Mark Hendrickson is one of Fresh’s favourite athletes. The Calgary-born and raised park skier has been on the Canadian National Team since 2014 and has numerous top ten finishes on the Slopestyle World Cup circuit, including a first place in 2020 in Front Romeu, France. But before all of that, Mark skied with the Calgary Freeriderz. In fact, Mark’s parents are avid Calgary skiers and had him on snow by the age of three. They dragged Mark around to all the typical Western Canada resorts when he was young, but his usual teenage routine included nights at COP and weekends at Lake Louise.
A world-class skier who’s travelled to the best terrain parks on every continent but knows our local resorts? He’s the perfect guy to help us choose the right park skis! We talked to Mark in France, where he’s between World Cup slopestyle competitions and had just wrapped up the Absolut Park Spring Battle in Austria.
Mark’s sponsored by Line Skis, Peak Performance Snow, XSPEX, and Fresh Skis.
As one of the top slopestyle skiers in the world, Mark needs different skis than we probably do. Hitting 100-foot airs and spinning quads demands a different ski underfoot than learning to do your first 540 on a medium-sized table top or playing around in the rail park.
Mark competes on the Line Tom Wallisch Pro, a lightweight and stiff freestyle ski. It has a low swing weight which helps with spinning, but it maintains a lot of pop and a stiff tail to stomp those monster airs.
Mark- “The Tom Wallisch is great for spinning and doing doubles. It’s light, and it doesn’t feel like you’re dragging around these big skis when you are spinning. And it’s stiff to help hold onto bigger landings; it has a bit of forgiveness that way.”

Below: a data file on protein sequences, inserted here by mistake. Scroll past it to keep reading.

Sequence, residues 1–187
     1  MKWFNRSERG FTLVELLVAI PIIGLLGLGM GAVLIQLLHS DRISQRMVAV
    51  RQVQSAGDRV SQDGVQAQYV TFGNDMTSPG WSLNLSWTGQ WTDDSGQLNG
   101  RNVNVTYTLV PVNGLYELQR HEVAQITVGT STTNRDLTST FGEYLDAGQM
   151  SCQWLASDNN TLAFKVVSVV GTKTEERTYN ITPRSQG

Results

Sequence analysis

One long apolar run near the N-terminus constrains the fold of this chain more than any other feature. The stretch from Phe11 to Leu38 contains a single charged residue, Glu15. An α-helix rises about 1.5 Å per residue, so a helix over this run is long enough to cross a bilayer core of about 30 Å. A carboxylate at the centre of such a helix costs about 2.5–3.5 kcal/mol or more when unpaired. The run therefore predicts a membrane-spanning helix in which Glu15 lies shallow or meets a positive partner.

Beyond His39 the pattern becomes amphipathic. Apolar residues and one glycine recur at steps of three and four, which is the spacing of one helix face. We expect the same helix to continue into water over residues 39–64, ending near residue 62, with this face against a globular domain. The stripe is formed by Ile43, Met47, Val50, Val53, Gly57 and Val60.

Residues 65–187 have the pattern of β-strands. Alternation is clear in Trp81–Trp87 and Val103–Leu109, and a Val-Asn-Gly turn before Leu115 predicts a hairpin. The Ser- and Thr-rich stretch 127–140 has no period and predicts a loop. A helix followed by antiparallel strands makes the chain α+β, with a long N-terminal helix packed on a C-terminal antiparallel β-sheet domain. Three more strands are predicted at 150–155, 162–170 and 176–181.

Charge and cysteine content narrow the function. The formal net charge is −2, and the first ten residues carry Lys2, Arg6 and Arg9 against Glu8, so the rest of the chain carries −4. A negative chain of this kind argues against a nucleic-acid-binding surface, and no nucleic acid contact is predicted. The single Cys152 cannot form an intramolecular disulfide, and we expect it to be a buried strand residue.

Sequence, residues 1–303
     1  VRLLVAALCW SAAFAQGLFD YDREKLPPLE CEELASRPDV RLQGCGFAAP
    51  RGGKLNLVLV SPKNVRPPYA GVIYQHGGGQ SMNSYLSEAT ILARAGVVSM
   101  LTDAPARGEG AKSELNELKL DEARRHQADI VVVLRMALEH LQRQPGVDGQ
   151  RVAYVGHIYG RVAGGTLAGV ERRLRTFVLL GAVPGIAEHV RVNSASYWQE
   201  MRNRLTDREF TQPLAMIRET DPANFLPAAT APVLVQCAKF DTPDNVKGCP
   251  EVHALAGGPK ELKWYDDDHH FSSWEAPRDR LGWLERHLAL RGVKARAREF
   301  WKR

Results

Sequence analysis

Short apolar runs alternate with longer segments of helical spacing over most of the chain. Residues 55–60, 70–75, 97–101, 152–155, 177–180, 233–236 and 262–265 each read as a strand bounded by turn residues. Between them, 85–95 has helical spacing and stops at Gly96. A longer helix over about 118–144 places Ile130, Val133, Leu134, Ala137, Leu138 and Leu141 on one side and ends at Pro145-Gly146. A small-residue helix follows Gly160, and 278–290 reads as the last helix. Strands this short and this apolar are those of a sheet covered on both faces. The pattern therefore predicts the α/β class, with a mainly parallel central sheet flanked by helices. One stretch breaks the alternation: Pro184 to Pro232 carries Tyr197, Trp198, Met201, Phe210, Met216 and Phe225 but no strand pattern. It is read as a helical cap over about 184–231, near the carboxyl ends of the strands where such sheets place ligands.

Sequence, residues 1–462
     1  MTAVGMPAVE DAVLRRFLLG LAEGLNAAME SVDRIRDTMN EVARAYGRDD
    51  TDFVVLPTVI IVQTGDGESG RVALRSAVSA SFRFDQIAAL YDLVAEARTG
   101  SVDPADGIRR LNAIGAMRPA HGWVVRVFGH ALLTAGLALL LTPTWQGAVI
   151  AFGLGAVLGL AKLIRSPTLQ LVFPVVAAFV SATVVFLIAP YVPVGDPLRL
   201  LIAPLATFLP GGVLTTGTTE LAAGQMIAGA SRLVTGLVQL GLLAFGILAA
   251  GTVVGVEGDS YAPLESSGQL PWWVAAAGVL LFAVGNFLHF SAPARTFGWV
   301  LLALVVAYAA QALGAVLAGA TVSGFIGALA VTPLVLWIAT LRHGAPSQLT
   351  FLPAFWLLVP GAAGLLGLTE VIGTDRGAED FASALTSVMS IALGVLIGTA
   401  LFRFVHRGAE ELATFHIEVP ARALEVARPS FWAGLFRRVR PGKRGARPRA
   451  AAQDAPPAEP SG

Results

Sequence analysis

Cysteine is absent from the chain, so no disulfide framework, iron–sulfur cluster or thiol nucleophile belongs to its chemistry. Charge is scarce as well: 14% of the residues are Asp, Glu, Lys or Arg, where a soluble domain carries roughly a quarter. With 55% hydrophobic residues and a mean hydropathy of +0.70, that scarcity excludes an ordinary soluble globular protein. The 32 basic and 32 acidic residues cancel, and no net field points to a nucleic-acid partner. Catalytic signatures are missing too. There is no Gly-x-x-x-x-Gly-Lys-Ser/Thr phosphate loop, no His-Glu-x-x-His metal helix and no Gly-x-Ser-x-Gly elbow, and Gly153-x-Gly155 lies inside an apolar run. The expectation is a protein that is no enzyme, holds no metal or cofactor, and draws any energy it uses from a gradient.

Mark skis the whole Line collection throughout the year, though. The Line Chronic is a favourite of his when he’s not competing because it’s super durable (the kind of skiing these guys do it HARD on equipment!) and has a softer, friendlier flex than the Tom Wallisch Pro. It allows skiers to butter and smear more, even at lower speeds, and it’s designed to bring a freestyle flare to the entire mountain, not just the terrain park.
Mark- “When I’m at home, I’m riding the Chronic cause it’s more playful and opens up the door for all the things I don’t get to do in big air contests.”
BTW, Line just released the new 2023/24 Chronic with a limited edition Travelling Circus graphic, and we have them in stock right now!
A step further is the Line Blend for when Mark wants to play around and get creative without going huge. With the new Blend, Line tried to maximize the “buttery Blend flex and feel.” They extended the sidecut and widened the tip and tail, allowing you to “#Bendyourblends like never before.”
Mark- “A lot of people really love how the Blend flexes and opens doors to new tricks. It can be really creative if you are hitting rails or urban stuff at a slower speed. I think a stiffer ski is better when you are doing things at faster speeds, but these can be more playful and creative.”
These three skis all have waist widths between 90mm and 100mm. On the world cup circuit, Mark says most competitors are on skis between 86mm and 96mm wide (his Tom Wallisch Pro’s are 90mm), but if you want to use the skis all over the mountain, a bit wider can be a good idea. The downside to wider is that the skis are a bit lower edge to edge, and you lose a bit of that quick control.
Mark shredding COP early on.
Mark- “Narrower skis help you maneuver on rails. It’s just the edge control for spinning. With a wider ski, there’s just more of a lag time.”
What about length? Mark is 5 foot, 9 inches tall and 180 pounds. He rides a 179cm ski in the park, so a little shorted than most all mountain skiers his size and ability might, but not crazy short either. Most park specific skis aren't made any longer than 184cm.
Looking for a different brand?
The Edollo from Armada is Henrik Harlaut’s signature ski, perfect for park laps or freestyle around the mountain. Armada says, “The Edollo is built for maximum nose-pressability, durability and confidence in the park.”
And if you want to take the flexing and buttering even further, the Armada Bdog was designed by the urban master Phil Casabon to press and bend in unreal ways and to open up a new realm of possibilities for skiers, especially on man-made features.